mick harris + eraldo bernocchi

Total Station

CD jewel case


From 1997 to 1998, in two years only, Mick Harris has released 3 albums and 2 EPs for Sub Rosa, two in collaboration with Eraldo Bernocchi, one with Neil Harvey (PCM). Total Station was published in early 1998.

Michael John Harris started out in the 1980s as a drummer working with various punk rock and grindcore bands (most notably pioneering grindcore band Napalm Death); as a drummer he is generally credited with popularizing the blast beat, which has since become a key component of much of extreme metal and grindcore. Since the mid-1990s, Harris has worked primarily in electronic and ambient music, his main projects being Scorn and Lull. According to Allmusic, Harris's "genre-spanning activities have done much to jar the minds, expectations, and record collections of audiences previously kept aggressively opposed." While in Napalm Death, Harris also played drums for Doom and Extreme Noise Terror, and participated in a side project with Mitch Harris called Defecation, which produced two records, Purity Dilution and Intention Surpassed, through Nuclear Blast, but this last one just with Mitch Harris.

Eraldo Bernocchi is an Italian musician, producer and sound designer. He created in 1985 the project Sigillum S. Later, he expanded the cadre of musicians he would work with to include people such as Mick Harris, Jim Plotkin and Bill Laswell. These collaborations have up to this day provided an array of releases and shows. Along with the aforementioned artists, the last 15 years have seen collaborations with musicians and artists including Harold Budd, Russell Mills, Toshinori Kondo, Raiz, Almamegretta, Thomas Fehlmann, Zu, DJ Olive, and a host of others.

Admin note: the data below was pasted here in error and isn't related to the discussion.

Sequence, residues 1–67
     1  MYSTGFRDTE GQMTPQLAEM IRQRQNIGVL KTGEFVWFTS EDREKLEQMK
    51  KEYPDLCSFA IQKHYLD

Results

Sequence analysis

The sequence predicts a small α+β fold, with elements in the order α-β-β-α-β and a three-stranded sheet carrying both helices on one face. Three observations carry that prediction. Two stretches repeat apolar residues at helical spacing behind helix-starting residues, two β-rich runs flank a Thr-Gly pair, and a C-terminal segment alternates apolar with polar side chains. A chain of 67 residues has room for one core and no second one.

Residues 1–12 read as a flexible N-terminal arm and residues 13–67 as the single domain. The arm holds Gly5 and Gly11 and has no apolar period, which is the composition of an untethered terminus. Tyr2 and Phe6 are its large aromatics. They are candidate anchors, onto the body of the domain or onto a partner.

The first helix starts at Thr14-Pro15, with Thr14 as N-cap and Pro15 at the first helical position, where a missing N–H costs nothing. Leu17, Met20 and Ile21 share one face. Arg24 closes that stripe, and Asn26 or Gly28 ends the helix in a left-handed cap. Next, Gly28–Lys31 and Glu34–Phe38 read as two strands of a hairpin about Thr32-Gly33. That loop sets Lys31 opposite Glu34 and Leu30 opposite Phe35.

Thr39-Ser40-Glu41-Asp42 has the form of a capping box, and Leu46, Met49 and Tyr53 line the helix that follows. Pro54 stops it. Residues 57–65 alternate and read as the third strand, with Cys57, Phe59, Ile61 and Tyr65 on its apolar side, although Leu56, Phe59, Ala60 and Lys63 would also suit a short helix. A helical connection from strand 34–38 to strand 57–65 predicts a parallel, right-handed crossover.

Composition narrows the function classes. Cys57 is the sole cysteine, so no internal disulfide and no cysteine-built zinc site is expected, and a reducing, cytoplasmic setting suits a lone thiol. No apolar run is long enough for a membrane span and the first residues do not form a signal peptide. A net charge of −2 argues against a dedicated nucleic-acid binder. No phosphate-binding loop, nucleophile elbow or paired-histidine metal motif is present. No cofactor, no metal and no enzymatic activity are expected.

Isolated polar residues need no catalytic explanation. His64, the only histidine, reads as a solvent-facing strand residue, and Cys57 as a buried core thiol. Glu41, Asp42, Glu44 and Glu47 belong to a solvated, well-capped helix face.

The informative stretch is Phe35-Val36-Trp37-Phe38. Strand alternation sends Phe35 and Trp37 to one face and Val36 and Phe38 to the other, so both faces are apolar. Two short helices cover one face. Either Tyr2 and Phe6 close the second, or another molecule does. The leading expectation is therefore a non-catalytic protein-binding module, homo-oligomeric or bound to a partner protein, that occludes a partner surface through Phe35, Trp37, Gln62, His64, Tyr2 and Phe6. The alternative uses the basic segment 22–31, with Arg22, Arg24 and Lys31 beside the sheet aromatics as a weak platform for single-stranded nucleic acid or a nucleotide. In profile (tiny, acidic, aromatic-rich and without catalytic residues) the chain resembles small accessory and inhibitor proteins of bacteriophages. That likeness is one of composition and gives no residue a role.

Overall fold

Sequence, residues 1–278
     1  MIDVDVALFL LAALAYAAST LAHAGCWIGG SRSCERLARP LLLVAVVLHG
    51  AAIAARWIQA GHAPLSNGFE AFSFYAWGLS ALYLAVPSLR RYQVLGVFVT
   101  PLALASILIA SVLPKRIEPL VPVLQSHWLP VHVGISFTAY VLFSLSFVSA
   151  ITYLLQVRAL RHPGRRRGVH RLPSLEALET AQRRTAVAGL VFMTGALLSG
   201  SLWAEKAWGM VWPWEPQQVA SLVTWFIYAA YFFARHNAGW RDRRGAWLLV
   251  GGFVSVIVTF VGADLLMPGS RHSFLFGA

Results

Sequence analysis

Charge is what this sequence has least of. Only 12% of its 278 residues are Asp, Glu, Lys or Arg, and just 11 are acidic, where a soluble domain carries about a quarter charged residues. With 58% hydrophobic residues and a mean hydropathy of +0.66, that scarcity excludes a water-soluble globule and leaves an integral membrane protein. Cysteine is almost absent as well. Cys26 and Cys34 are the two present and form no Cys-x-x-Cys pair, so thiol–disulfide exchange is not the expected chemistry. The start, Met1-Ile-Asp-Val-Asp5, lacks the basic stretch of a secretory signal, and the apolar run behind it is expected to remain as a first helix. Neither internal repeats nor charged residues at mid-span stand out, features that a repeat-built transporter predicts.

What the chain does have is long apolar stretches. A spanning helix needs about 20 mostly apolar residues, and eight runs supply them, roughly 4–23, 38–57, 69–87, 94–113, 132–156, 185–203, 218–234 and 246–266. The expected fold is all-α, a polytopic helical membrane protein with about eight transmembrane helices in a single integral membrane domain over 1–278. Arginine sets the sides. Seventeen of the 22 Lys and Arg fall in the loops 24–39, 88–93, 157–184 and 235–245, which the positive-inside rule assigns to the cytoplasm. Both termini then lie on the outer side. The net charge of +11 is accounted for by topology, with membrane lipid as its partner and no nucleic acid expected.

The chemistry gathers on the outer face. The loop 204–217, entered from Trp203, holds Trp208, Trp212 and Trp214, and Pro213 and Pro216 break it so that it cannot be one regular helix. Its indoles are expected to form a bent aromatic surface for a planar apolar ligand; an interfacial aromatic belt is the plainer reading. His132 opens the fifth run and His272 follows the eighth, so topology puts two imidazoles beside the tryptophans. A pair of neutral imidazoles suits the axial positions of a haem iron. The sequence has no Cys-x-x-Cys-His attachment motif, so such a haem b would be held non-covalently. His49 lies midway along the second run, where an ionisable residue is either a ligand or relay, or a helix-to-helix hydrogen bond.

Total Station may be the most accessible Mick Harris album ever, although anyone even remotely familiar with the Scorn mastermind's prolific output would have a hearty chuckle at such a relative statement. Here, the former Napalm Death drummer and Eraldo Bernocchi craft funkier-than-usual soundscapes bearing a distinct hip-hop influence, with Harris mixing live and programmed beats with creepy synth lines RZA would be proud of, as the guitarist does his best Buckethead impression over the top. It's nowhere near mainstream enough to garner airplay, but if you're a paranoid homesick alien, Total Station may have the cure for what ails ya.
Bret Love / All Music Guide


01 Floater 5:49
02 Latent Print 4:39
03 Nervous? 5:05
04 Vapor Detector 5:45
05 The Corridor 5:19
06 Hammer Treatment 4:20
07 Fading 6:10
08 Bottom Man 10:37
09 Kip 1:01